Science / Periodic Table of Elements / Hydrogen (H): Atomic number: 1, Atomic mass: 1.007825 g.mol -1, Electronegativity: 2.1, Density: 0.0899*10 -3 g.cm -3 at 20 °C, Melting point: - 259.2 °C, Boiling point: - 252.8 °C, Vanderwaals radius: 0.12 nm, Ionic radius: 0.208 (-1) nm, Isotopes: 3, Electronic shell: 1s1, Energy of first ionisation: 1311 kJ.mol -1, Discovered by: Henry Cavendish in 1766. First element in the periodic table. In normal conditions it’s a colourless, odourless and insipid gas, formed by diatomic molecules, H2. The hydrogen atom, symbol H, is formed by a nucleus with one unit of positive charge and one electron. Its atomic number is 1 and its atomic weight 1,00797 g/mol. It’s one of the main compounds of water and of all organic matter, and it’s widely spread not only in The Earth but also in the entire Universe. There are three hydrogen isotopes: protium, mass 1, found in more than 99,985% of the natural element; deuterium, mass 2, found in nature in 0.015% approximately, and tritium, mass 3, which appears in small quantities in nature, but can be artificially produced by various nuclear reactions. Uses: The most important use of hydrogen is the ammonia synthesis. The use of hydrogen is extending quickly in fuel refinement, like the breaking down by hydrogen (hydrocracking), and in sulphur elimination. Huge quantities of hydrogen are consumed in the catalytic hydrogenation of unsaturated vegetable oils to obtain solid fat. Hydrogenation is used in the manufacture of organic chemical products. Huge quantities of hydrogen are used as rocket fuels, in combination with oxygen or fluor, and as a rocket propellent propelled by nuclear energy. Hydrogen can be burned in internal combustion engines. Hydrogen fuel cells are being looked into as a way to provide power and research is being conducted on hydrogen as a possible major future fuel. For instance it can be converted to and from electricity from bio-fuels, from and into natural gas and diesel fuel, theoretically with no emissions of either CO2 or toxic chemicals. Properties: Common hydrogen has a molecular weight of 2,01594 g. As a gas it has a density of 0.071 g/l at 0??C and 1 atm. Its relative density, compared with that of the air, is 0.0695. Hydrogen is the most flammable of all the known substances. Hydrogen is slightly more soluble in organic solvents than in water. Many metals absorb hydrogen. Hydrogen absorption by steel can result in brittle steel, which leads to fails in the chemical process equipment. At normal temperature hydrogen is a not very reactive substance, unless it has been activated somehow; for instance, by an appropriate catalyser. At high temperatures it’s highly reactive. Although in general it’s diatomic, molecular hydrogen dissociates into free atoms at high temperatures. Atomic hydrogen is a powerful reductive agent, even at ambient temperature. It reacts with the oxides and chlorides of many metals, like silver, copper, lead, bismuth and mercury, to produce free metals. It reduces some salts to their metallic state, like nitrates, nitrites and sodium and potassium cyanide. It reacts with a number of elements, metals and non-metals, to produce hydrides, like NAH, KH, H2S and PH3. Atomic hydrogen produces hydrogen peroxide, H2O2, with oxygen. Atomic hydrogen reacts with organic compounds to form a complex mixture of products; with etilene, C2H4, for instance, the products are ethane, C2H6, and butane, C4H10. The heat released when the hydrogen atoms recombine to form the hydrogen molecules is used to obtain high temperatures in atomic hydrogen welding. Hydrogen reacts with oxygen to form water and this reaction is extraordinarily slow at ambient temperature; but if it’s accelerated by a catalyser, like platinum, or an electric spark, it’s made with explosive violence.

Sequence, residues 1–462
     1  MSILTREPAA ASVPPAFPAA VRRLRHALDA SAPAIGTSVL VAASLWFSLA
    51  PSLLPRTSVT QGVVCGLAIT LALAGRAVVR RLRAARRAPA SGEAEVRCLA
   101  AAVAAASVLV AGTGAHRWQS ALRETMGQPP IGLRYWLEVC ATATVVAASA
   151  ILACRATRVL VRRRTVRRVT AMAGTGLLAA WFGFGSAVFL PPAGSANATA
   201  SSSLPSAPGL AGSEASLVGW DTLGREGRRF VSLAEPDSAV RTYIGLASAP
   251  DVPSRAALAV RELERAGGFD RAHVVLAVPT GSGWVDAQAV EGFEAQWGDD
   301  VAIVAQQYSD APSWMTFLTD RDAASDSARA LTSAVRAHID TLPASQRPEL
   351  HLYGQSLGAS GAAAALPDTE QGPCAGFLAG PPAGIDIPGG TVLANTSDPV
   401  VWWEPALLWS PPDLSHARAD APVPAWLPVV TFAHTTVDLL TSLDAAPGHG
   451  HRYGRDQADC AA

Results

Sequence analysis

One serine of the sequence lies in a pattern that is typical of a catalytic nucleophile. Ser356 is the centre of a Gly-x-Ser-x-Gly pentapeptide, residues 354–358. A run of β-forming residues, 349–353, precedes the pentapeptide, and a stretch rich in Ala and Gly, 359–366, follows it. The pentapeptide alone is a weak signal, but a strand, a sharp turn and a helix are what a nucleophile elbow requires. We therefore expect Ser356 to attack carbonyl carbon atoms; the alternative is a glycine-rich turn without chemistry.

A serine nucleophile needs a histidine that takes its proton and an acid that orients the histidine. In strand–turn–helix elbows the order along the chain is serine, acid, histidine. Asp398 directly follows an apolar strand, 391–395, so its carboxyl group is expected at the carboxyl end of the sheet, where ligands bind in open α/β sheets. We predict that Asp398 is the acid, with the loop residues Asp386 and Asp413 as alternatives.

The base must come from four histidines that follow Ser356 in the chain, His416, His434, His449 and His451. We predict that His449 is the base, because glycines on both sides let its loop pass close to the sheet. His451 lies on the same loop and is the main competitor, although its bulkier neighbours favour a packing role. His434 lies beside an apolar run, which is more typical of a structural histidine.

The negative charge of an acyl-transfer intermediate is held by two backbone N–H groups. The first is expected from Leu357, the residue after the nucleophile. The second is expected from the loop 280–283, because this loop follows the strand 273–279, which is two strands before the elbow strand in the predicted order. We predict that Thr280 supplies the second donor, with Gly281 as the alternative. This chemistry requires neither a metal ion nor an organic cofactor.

Entertainment / Photography / Hydrogen Peroxide: Chemical used in hypo clearing agents. MORE
Science / Chemistry / Standard Hydrogen Electrode: A platinum electrode that runs the half reaction 2 H+(aq, 1M) + 2 e- rightarrow H2(g, 1 atm), chosen as a reference for cell voltages. The electrode potential of the standard hydrogen electrode is def MORE